Problem 7: Strong Analogy. Strong analogy is essential to GNS. This raises three issues. The first is that the notion of strong analogy is too vague and hard to pin down to do serious work in a reduction. It is a commonplace that everything is similar to everything else, and hence saying that one theory is analogous to another one is a vacuous claim. Second, even if one is not going as far as regarding analogy as arbitrary, there remains the worry that there does not seem to be a general characterisation of the strong analogy required in a reduction. What counts as an analogy is context dependent and can be decided only case-by-case, which is a problem for a view that aims to be a general account of reduction (cf. Sarkar 1998, p. 173). The third worry is that, since \(T^{*}_{P}\), rather than T P itself, is deduced from T F , it is illegitimate to say that T P has been reduced. What really has been reduced is \(T^{*}_{P}\), and T P has simply been lost, or replaced, on the way, and so there is no reduction of T P .

These difficulties are regarded by many as so severe that avoiding Nagelian reduction altogether seems to be a better strategy than addressing them. This option appears to be particularly attractive because a viable alternative seems to be readily available: the position know as New Wave Reductionism (NWR).11 This position is often recommended as a substitute that can do all the work that Nagelian reduction was meant to do, while not suffering from any of its problems.12 This is mistaken. In fact, Endicott (1998, 2001) has argued that NSW collapses into Nagelian reduction and leaves the intellectual landscape largely unchanged. We endorse Endicott’s arguments (modulo some minor points that are inconsequential for the overall argument) and conclude that replacing Nagelian Reduction with NWR does not solve any of the problems that attach to intertheoretic reduction.

4 Nagelian Reduction Reconsidered

Given that we can’t avoid the problems of GNS by simply replacing it with another view of reduction, these problem have to be addressed. This is the task of the present section.

Problem 1 The objection that GNS is based on the syntactic view of theories and therefore untenable is mistaken. Although Nagel was a proponent of the syntactic view, there is no textual (or other) evidence that he took the syntactic view to be an essential part of his model of reduction; and Schaffner makes no assumptions about the correct analysis of theories when presenting his theory of reduction. This is for good reasons, because the syntactic view is unnecessary to get GNS off the ground, as is clear from the above examples: Neither did we present a first-order formulation of the theories, nor did we even mention a bifurcation of the vocabulary into theoretical and observational terms. Where first order logic is too weak, we can replace it with any formal system that is strong enough to do what we need it to do. The bifurcation of the vocabulary plays no role at all.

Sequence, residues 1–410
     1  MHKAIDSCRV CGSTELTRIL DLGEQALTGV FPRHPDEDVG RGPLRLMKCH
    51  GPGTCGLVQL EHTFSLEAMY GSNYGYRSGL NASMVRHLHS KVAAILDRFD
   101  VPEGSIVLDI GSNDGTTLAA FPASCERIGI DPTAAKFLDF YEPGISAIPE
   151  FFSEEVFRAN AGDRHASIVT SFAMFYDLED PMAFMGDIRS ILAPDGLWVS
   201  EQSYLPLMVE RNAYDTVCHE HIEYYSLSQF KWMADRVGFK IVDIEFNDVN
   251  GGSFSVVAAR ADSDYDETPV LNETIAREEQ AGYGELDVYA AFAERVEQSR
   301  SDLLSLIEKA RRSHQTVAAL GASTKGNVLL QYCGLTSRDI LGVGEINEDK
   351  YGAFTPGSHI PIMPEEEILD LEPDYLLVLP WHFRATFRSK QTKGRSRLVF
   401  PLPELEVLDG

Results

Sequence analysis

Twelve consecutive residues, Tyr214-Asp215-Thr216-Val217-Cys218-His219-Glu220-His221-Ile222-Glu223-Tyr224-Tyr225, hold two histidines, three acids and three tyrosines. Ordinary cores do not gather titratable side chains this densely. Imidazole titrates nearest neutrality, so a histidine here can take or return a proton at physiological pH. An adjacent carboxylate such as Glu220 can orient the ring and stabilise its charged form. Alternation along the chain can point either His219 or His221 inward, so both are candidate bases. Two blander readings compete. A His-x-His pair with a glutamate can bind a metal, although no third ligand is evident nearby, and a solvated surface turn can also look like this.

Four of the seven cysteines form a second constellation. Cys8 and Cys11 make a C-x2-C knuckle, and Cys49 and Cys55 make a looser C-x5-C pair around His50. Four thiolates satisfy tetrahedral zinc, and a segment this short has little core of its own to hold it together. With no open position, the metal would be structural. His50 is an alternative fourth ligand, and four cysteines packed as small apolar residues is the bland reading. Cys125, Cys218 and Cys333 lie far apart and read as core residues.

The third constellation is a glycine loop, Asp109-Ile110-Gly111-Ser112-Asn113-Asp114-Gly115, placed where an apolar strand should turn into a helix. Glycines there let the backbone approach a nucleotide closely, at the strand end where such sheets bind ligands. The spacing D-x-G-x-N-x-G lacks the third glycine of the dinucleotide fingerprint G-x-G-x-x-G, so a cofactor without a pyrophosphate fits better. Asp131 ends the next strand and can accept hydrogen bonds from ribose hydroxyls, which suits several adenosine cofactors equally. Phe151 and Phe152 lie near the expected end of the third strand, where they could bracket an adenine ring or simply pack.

Problem 2. Feyerabend’s criticism is that reduction is impossible because, in order to associate two terms with each other, they must have the same meaning, which, however, is never the case if the terms occur in two different theories. Whether this argument is cogent depends on what one means by ‘meaning’. Feyerabend associates the meaning of a term with the role the term plays in a theoretical framework. Thus, the meaning of the term ‘temperature’ as it occurs in thermodynamics is determined by everything we say about temperature in the language of thermodynamics. Given this conception of meaning, it is clear that terms occurring in different theories must have different meanings. But when meaning is framed in this way, meaning equivalence is immaterial to reduction; what matters is whether the properties that the terms in the bridge laws refer to stand in a relevant relation to each other. Feyerabend’s imposition that only terms with the same meaning can be associated with each other is unmotivated, unnecessary, and foreign to GNS.13

Problem 3. What is the status of bridge laws? The first two options Nagel considers are meaning equivalence and convention. These can be discarded. That bridge laws cannot be claims of meaning equivalence follows from our discussion of Problem 2. Neither can they be mere conventions. Conventions are arbitrary and all that matters is that they be respected after a choice has been made. We can choose to drive on the right or on the left hand side of the road; neither choice is better, or more justified, than the other. What matters is that everybody respects the choice once it has been made by the group. Bridge laws are not like that. Clearly, there is right and wrong in theoretical association. It is true that the temperature of a gas is proportional to 〈Ekin 〉, but it is false that it is proportional to 〈Ekin2. Furthermore, often a process of painstaking research was necessary to make such associations. That does not sit well with an understanding of bridge laws as conventions.

For this reason, bridge laws are factual claims. This, however, leaves open the question whether bridge laws express mere correlations (or Humean regularities), nomic connections involving certain necessities, identity statements, or yet other metaphysical relations. There is a strong push in the literature to first come to a general answer to this question and then settle for identity.